An interesting twist on the Med MJ issue is an article I saw a few months ago in my fair state (which does have a medical program, though its very low key and no dispensaries). Apparently, researchers have been perfecting a strain that contains all the medicinal properties but without the THC (the part recreational users desire). Would current support of MJ be the same without its intoxicating effects? In many ways, I do feel a lot of supporters (particularly those who do not have medical conditions) see it as a step toward decriminalization and more open recreational use.
    The purpose of life is a life of purpose

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    Cyburbian michaelskis's avatar
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    I think that the Federal Government should eliminate all regulatory control on it, and let each state decide. Personally, I think the states should legalize it, treat it the same as Alcohol or Tobacco, and tax the hell out of it… at the state level.
    Not my monkey, not my circus. - Old Polish Proverb

  11. #11
    Cyburbian Planit's avatar
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    Peyton Manning just bought several PapaJohn Pizza franchises in the Denver area. Now Colorado has legalized MJ. Man Peyton is smart and is gonna rack in on the munchie fixes in the community!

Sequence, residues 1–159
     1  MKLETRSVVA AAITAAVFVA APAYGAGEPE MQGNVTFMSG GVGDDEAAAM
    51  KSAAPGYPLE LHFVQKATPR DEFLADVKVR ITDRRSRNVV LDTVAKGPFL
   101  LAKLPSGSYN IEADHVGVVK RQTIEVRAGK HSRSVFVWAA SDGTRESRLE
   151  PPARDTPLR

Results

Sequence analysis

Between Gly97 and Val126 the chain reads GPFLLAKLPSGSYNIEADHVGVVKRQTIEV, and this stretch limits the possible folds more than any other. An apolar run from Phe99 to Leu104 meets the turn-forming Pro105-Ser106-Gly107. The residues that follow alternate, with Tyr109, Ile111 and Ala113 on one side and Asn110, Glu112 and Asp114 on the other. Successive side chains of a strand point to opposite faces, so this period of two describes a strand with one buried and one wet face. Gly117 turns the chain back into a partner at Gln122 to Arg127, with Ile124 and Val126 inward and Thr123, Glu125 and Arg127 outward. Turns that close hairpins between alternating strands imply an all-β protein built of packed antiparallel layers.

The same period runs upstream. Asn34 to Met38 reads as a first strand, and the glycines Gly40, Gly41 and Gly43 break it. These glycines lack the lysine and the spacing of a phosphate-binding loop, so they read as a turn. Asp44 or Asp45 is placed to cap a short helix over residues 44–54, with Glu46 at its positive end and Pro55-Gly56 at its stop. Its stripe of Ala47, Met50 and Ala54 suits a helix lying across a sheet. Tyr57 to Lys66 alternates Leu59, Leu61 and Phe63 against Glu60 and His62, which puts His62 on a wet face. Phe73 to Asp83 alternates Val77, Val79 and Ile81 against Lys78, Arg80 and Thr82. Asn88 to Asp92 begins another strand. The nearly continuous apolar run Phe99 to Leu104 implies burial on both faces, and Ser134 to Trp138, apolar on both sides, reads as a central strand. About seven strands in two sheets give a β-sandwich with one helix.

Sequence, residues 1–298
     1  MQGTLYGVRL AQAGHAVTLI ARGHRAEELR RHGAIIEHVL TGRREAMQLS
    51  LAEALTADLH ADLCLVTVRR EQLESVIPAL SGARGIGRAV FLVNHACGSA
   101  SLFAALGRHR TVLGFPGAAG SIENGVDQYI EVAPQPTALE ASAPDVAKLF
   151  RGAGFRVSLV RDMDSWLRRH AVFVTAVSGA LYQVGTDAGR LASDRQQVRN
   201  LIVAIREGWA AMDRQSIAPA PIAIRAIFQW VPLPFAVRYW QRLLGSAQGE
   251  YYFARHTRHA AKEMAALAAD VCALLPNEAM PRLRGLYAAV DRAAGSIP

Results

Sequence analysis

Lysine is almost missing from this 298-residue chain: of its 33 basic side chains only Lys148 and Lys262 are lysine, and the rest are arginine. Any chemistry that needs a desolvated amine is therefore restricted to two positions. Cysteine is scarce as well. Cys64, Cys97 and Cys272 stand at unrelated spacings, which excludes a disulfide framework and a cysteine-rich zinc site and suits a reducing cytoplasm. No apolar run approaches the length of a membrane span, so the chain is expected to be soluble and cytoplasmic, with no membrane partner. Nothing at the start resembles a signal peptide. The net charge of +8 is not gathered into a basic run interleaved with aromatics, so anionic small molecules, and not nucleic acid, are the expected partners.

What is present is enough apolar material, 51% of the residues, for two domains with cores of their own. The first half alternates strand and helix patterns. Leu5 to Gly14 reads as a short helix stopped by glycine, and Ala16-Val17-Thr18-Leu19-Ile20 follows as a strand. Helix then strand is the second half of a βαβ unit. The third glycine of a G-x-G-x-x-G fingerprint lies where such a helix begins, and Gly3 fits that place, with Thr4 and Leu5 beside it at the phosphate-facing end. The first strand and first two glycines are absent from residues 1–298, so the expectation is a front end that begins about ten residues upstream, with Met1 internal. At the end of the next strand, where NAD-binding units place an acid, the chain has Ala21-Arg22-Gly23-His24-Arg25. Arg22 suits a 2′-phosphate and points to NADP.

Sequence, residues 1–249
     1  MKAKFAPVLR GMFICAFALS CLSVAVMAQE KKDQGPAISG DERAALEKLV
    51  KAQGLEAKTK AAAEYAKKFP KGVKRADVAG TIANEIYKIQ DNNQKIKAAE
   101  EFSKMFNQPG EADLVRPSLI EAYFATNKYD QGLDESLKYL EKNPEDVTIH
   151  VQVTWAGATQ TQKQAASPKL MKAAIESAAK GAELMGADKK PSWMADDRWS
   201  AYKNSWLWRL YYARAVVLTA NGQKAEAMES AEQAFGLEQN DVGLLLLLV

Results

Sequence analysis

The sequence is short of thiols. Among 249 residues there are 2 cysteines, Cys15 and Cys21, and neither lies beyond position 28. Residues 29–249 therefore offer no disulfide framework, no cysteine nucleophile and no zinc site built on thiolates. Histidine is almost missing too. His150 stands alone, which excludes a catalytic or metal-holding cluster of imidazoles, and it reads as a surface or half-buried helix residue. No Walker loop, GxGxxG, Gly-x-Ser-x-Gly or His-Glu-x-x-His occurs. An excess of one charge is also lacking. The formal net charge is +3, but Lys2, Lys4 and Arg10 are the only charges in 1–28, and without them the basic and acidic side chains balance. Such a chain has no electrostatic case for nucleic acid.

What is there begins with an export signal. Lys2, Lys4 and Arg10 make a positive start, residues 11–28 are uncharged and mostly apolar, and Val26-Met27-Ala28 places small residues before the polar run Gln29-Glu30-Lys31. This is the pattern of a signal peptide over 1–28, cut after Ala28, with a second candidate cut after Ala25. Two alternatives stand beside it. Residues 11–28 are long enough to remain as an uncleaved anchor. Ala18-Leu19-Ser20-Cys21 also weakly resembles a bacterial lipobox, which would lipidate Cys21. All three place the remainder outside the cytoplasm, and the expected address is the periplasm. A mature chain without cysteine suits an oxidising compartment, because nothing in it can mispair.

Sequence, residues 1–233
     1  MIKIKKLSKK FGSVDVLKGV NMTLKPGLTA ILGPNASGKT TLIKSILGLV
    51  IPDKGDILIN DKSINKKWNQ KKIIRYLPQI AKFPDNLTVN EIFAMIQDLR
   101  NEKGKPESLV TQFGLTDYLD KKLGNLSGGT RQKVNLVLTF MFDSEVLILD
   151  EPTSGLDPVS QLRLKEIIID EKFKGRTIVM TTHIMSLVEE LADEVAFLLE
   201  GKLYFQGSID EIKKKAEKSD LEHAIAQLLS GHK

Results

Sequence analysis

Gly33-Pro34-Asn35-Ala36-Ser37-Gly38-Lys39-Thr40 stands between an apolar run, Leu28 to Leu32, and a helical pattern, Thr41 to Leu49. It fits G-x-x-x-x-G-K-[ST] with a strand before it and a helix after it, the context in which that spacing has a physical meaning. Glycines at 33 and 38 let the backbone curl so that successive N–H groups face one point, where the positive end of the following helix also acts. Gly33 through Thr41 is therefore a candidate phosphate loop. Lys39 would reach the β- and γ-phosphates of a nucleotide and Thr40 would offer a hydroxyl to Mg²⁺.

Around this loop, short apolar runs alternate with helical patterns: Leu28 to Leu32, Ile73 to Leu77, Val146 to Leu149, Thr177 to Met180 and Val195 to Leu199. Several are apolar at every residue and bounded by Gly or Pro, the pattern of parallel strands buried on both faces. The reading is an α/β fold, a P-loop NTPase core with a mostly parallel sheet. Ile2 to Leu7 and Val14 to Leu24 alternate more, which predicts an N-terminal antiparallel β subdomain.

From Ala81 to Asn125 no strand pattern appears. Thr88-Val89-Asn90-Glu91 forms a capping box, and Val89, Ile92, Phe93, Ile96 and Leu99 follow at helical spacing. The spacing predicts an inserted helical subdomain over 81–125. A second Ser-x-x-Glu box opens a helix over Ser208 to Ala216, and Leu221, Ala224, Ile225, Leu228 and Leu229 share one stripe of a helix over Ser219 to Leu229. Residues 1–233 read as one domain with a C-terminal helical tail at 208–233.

"Whatever beer I'm drinking, is better than the one I'm not." DMLW
    "Budweiser sells a product they reflectively insist on calling beer." John Oliver

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    Cyburbian ColoGI's avatar
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    Quote Originally posted by Dan View post
    Hemp: I think the "miracle fiber" claims are overrated, but it gives farmers another crop to add to their rotation.
    ]
    WR Hearst thought it was a big enough threat to his fiber plantations to demonize it. Nevertheless, if it replaces even 1/4 of the acreage in cotton - especially in CA - we are already much, much better off. Not the chemical companies better off, but everyone else. And that is a good thing.
    Last edited by ColoGI; 07 Nov 2012 at 11:58 AM.
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  13. #13
    Cyburbian hilldweller's avatar
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    Quote Originally posted by Maister View post
    We already have one mind altering drug readily available - alcohol, that extracts terrific costs to our society. Do we want another such substance readily available?
    No, we don't. It is one thing to decriminalize MJ (which I support), but allowing full-blown commercial sale of it is the wrong path to take IMO. We don't need another vice industry like alcohol and tobacco that markets to teens. Big tobacco already has its sights set on MJ, and frankly, it's too lucrative of a business to keep them out of it. Why can't the government just decriminalize it and allow people to grow their own product? Why does it have to get in the business of trying to regulate and tax it?

  14. #14
    Cyburbian otterpop's avatar
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    Quote Originally posted by hilldweller View post
    Why can't the government just decriminalize it and allow people to grow their own product? Why does it have to get in the business of trying to regulate and tax it?